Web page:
I love Rogers & Hammerstein’s Cinderella. I grew up watching TV repeats of the
1695 1965 version, own the DVD of the original 1957 version (with Julie Andrews), and can even sort of tolerate Whitney Houston’s 1997 version. That show had very PC, rainbow-colored casting and — the worst sin — a bland Brandy in the lead role, but it nevertheless respected the source material.
There’s a new Cinderella on Broadway now, and it got a very interesting review from Ben Brantley at the New York Times. I actually had to read the review twice to make sure I wasn’t imagining it.
Brantley gives the production kudos of visual eye-candy (although it seems somewhat overdone) and speaks approvingly of the performers. The surprise is that Brantley speaks slightingly of the way in which Douglas Carter Beane, who wrote a new book for the show, and Mark Brokaw, the director, couldn’t resist turning this classic little gem into a politically correct parable:
But a lot has been added and deleted. (Extensive revisions, by the way, have been made in every version of this “Cinderella” that followed its inception.) Some lesser-known songs from the Rodgers & Hammerstein catalog have been jimmied in (including “Now Is the Time,” a rousing call for social change that was cut from “South Pacific”).
There’s been a whole lot of fiddling with the plot too to give it politically progressive substance and those mandatory messages about self-esteem and self-empowerment. The prince’s parents (played by Ginger Rogers and Walter Pidgeon in 1965) have been eliminated, replaced by a devious and manipulative regent figure, Sebastian (the droller-than-droll Peter Bartlett), who tricks the naïve prince, called Topher, into signing bills that repress and rob his people.
So when Cinderella finally gets the chance to talk to her dream date at that immortal ball, instead of whispering sweet nothings, she says, “You need to open your eyes to what’s happening in your kingdom.” (Maybe she should be renamed Che-erella.)
Like the reinvented cartoon fairy-tale heroines of the past several decades, from Disney’s “Little Mermaid” onward, this Cinderella is no passive damsel waiting for a rescuing knight. She takes charge of her destiny, so much so that she doesn’t lose that glass slipper; she hands it to the prince. It’s a conscious choice, see; she controls her narrative. And, by the way, the prince must undergo a similar process of re-education, which will allow him to conquer his self-doubts and introduce democracy to his kingdom.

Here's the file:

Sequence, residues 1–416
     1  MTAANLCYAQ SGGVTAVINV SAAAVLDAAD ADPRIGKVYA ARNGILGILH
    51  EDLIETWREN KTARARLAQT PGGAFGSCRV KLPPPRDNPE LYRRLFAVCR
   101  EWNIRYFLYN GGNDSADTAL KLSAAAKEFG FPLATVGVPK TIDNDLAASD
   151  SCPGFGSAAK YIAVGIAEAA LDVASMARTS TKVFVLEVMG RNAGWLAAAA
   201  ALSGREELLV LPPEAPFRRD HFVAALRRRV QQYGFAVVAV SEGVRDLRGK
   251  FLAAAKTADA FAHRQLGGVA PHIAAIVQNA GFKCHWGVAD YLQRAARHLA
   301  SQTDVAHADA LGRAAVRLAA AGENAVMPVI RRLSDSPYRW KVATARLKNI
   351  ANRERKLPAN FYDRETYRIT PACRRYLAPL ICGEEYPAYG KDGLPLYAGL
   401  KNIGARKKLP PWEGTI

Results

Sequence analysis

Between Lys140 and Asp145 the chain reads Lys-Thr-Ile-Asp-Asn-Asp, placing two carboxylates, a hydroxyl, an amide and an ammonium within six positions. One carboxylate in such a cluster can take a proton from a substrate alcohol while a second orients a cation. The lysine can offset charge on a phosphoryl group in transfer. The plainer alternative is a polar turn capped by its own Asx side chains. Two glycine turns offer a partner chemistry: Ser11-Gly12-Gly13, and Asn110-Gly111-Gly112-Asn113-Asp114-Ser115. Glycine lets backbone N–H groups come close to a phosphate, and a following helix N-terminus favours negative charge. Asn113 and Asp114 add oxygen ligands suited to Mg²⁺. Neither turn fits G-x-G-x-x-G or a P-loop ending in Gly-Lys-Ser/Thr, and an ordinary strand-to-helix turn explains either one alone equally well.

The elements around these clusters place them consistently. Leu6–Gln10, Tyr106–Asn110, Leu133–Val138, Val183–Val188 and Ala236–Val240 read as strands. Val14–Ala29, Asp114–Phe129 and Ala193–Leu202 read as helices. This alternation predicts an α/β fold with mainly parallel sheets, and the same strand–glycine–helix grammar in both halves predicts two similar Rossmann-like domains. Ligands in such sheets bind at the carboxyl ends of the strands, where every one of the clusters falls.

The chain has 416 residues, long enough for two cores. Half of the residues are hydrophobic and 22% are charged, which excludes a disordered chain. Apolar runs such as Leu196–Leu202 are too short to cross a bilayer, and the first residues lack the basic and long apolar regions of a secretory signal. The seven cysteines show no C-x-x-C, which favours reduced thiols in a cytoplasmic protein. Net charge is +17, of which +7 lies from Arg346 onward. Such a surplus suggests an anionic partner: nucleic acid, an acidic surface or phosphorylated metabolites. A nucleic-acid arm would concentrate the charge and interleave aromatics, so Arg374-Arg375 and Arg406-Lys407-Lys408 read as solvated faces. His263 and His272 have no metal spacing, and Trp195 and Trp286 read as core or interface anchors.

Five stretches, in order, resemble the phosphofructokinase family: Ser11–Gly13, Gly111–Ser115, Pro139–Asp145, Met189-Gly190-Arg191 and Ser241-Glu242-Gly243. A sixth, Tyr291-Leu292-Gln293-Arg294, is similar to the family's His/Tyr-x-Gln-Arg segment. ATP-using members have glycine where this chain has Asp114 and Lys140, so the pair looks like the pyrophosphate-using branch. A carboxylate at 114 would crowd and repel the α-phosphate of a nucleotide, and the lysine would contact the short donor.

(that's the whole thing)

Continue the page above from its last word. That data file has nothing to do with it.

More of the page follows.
Brantley acknowledges that this PC update has a bit of a knowing “wink and a nod” quality to it, but acknowledges that many in the audience seemed to miss the knowingly self-referential tone of the PC add-ons.
Cinderella is inherently a retro story, a sort of Patient Griselda for the modern era. When I was a child, I adored the story, the Disney movie, and, as I said, the TV show but, when I look back at them now, I do wonder if they encouraged in my a passivity that always had me assuming that, if I didn’t like my life, some prince would come and rescue me. Gail Carson Levine addressed that passive female problem rather nicely in her imaginative Ella Enchanted a delightful book that was turned into the extremely popular movie with Anne Hathaway. (The movie deviates wildly from the book, but I try to view it as a stand-alone product and enjoy the movie on those terms.)
I think we’re all inclined to sit back and enjoy variations on the Cinderella theme, and it’s okay when the new versions remind little girls that they no longer have to sit and wait. Taking a classic musical, however, written by two of Broadway’s greatest geniuses, and tacking on a whole bunch of extraneous PC stuff above and beyond a little Cinderella empowerment seems wrong, though — wrong enough, incidentally, to see a New York Times reviewer sneer at the artistic and entertainment merits of political correctness.